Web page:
During the Wood family’s overland trek to Utah, Peninah’s youthful strength was invaluable. Mary’s poor health required Peninah, late into her first pregnancy, to shoulder most of the responsibility of driving the heavy wagon, cooking, and caring for the children.
Once in Utah, Daniel built a home in Woods Cross called the big house. For years Mary lived there with other wives Daniel married and their children. As their polygamous family grew, some wives would have their own places. How did Mary feel seeing other women’s bellies swell and grow with the babies Daniel made?
Mary and the other wives took care of the family and farm when Daniel was away for extended periods doing church work. He was a part of a group Brigham Young sent to rescue distressed saints stranded on the emigration trail.
Daniel also took several months-long mission trips to Canada. He was seventy when he went on his last one with his eighteen-year-old son Peter. These missions allowed Daniel to visit his parents and siblings who had remained in Canada. Whereas once Mary emigrated, she never saw her parents and siblings again.
Some Mormons brought enslaved people with them when they moved to Utah. The Compromise of 1850 gave Utah autonomy in voting to make slavery legal, which they did.
You would think white women would have greater empathy for oppression because they have experienced forms of oppression themselves. But Mary held firm to the church’s truthfulness, which included the “truth” black people were inferior because of their skin. If Mary had the right to vote, she would have voted for slavery, something the church prophet condoned.
White women have had more autonomy over their bodies than black women, whose bodies were belongings. Black women were raped and forced to carry and birth babies, which added to an inventory of human chattel. Their children sold as one might sell a sack of potatoes.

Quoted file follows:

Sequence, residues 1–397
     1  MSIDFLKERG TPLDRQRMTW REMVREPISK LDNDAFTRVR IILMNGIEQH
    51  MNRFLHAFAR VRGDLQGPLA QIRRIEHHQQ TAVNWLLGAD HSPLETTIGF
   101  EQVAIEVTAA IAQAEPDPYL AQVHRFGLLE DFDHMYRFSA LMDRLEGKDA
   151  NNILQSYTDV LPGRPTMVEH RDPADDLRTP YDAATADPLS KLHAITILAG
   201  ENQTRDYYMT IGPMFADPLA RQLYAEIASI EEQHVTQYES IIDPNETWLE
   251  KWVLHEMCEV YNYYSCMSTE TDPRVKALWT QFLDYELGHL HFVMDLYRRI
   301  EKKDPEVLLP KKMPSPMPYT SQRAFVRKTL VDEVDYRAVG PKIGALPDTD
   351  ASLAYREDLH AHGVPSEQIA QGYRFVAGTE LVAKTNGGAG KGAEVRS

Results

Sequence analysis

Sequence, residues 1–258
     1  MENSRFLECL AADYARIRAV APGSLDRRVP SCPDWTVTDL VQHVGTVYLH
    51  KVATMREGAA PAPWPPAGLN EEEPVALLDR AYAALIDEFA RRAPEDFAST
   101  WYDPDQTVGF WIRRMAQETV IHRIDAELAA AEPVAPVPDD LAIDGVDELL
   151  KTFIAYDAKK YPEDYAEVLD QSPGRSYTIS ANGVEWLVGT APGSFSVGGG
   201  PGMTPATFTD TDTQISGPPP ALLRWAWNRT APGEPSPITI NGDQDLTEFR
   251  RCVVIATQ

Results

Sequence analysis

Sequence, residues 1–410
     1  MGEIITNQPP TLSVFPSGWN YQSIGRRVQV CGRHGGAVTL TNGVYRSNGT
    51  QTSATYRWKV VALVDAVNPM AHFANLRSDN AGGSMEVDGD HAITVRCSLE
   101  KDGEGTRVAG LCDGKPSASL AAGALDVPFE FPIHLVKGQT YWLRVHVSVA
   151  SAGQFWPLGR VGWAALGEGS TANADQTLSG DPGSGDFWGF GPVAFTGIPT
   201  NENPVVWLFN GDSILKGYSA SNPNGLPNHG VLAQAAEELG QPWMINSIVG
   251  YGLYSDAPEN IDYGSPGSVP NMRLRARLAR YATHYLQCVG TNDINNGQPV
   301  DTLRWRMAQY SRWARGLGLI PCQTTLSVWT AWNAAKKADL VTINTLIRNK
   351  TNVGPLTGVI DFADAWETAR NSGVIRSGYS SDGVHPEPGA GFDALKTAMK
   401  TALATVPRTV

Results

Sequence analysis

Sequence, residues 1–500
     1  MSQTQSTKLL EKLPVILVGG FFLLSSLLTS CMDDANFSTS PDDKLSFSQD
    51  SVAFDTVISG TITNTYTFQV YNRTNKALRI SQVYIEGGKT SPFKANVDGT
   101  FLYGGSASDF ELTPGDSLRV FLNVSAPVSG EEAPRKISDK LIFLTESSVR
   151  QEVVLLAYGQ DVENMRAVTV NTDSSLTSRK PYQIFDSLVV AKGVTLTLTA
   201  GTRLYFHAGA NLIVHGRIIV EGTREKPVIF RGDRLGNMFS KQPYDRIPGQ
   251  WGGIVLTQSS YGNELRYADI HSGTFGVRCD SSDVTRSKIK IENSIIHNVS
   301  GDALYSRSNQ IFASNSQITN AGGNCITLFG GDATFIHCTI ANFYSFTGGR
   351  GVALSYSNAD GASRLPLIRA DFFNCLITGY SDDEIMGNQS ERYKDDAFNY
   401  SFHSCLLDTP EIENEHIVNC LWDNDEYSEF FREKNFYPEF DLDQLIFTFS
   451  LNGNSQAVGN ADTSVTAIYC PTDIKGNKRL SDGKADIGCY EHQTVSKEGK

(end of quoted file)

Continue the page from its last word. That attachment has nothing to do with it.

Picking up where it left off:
Some Mormons enslaved people and brought them to Utah. Jane Manning James was the first African-American woman recorded to arrive in Utah not enslaved but as a church member. In Illinois, Jane lived with the church founder, Joseph Smith, and his family. Before I’d heard of internalized racism, I found it puzzling any black person would willingly join a church that labeled their skin as cursed.
Jane and Mary lived less than ten miles from one another. Did they know one another, worship together or greet each other in passing?
Mary was ill for four months before her death in 1873 at age sixty-nine. She said goodbye to Daniel, her sister-wives, and her extended family and chose her burial spot in the family cemetery. Mary was not afraid of dying because Heavenly Father’s grand reward awaited her. The Mormon belief that families are forever guaranteed Mary’s reunion with her children, who had died decades earlier. Upon her death, the prophet Brigham Young described her as a queen in heaven.
She was the first wife Daniel married and the first wife he buried. Daniel lived another nineteen years but was never the same after her death.
Journals and church documents contain an abundance of details about the lives of early pioneer men. The absence of pioneer women’s stories points to their status and makes truly knowing them impossible.
Mary Snyder Wood was more than the words ascribed to her, including faithful, beloved, devoted to her husband, mild, and modest with a sincere disposition.
Although Daniel called her Mrs. Wood or Aunt Mary, I call her Mother Mary. I hear Paul McCartney’s “Let It Be” song lyrics in my head each time I think of her.
“When I find myself in times of trouble Mother Mary comes to me.
Whisper words of wisdom. Let it be.”
I yearn for Mary’s whispers to fill the spaces around her so I can see the authentic, complete, and complicated woman she was.